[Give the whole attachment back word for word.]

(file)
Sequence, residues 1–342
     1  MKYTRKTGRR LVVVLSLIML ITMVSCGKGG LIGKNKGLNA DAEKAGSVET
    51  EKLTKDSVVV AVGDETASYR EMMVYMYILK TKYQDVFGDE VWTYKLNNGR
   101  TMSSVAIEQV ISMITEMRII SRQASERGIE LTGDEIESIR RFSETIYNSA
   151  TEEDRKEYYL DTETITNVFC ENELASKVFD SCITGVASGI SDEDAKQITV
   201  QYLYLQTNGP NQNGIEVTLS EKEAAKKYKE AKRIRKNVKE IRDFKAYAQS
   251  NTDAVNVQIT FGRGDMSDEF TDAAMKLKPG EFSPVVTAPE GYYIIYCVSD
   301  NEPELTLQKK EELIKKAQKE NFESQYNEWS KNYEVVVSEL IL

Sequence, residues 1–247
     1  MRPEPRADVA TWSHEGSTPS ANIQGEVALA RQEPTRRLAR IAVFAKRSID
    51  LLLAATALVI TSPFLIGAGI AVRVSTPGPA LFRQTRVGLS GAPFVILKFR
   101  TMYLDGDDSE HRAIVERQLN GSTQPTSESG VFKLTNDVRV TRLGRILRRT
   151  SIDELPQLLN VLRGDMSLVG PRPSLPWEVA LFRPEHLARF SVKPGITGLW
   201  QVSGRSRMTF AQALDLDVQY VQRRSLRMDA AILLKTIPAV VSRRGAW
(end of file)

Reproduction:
Sequence, residues 1–342
     1  MKYTRKTGRR LVVVLSLIML ITMVSCGKGG LIGKNKGLNA DAEKAGSVET
    51  EKLTKDSVVV AVGDETASYR EMMVYMYILK TKYQDVFGDE VWTYKLNNGR
   101  TMSSVAIEQV ISMITEMRII SRQASERGIE LTGDEIESIR RFSETIYNSA
   151  TEEDRKEYYL DTETITNVFC ENELASKVFD SCITGVASGI SDEDAKQITV
   201  QYLYLQTNGP NQNGIEVTLS EKEAAKKYKE AKRIRKNVKE IRDFKAYAQS
   251  NTDAVNVQIT FGRGDMSDEF TDAAMKLKPG EFSPVVTAPE GYYIIYCVSD
   301  NEPELTLQKK EELIKKAQKE NFESQYNEWS KNYEVVVSEL IL

Sequence, residues 1–247
     1  MRPEPRADVA TWSHEGSTPS ANIQGEVALA RQEPTRRLAR IAVFAKRSID
    51  LLLAATALVI TSPFLIGAGI AVRVSTPGPA LFRQTRVGLS GAPFVILKFR
   101  TMYLDGDDSE HRAIVERQLN GSTQPTSESG VFKLTNDVRV TRLGRILRRT
   151  SIDELPQLLN VLRGDMSLVG PRPSLPWEVA LFRPEHLARF SVKPGITGLW
   201  QVSGRSRMTF AQALDLDVQY VQRRSLRMDA AILLKTIPAV VSRRGAW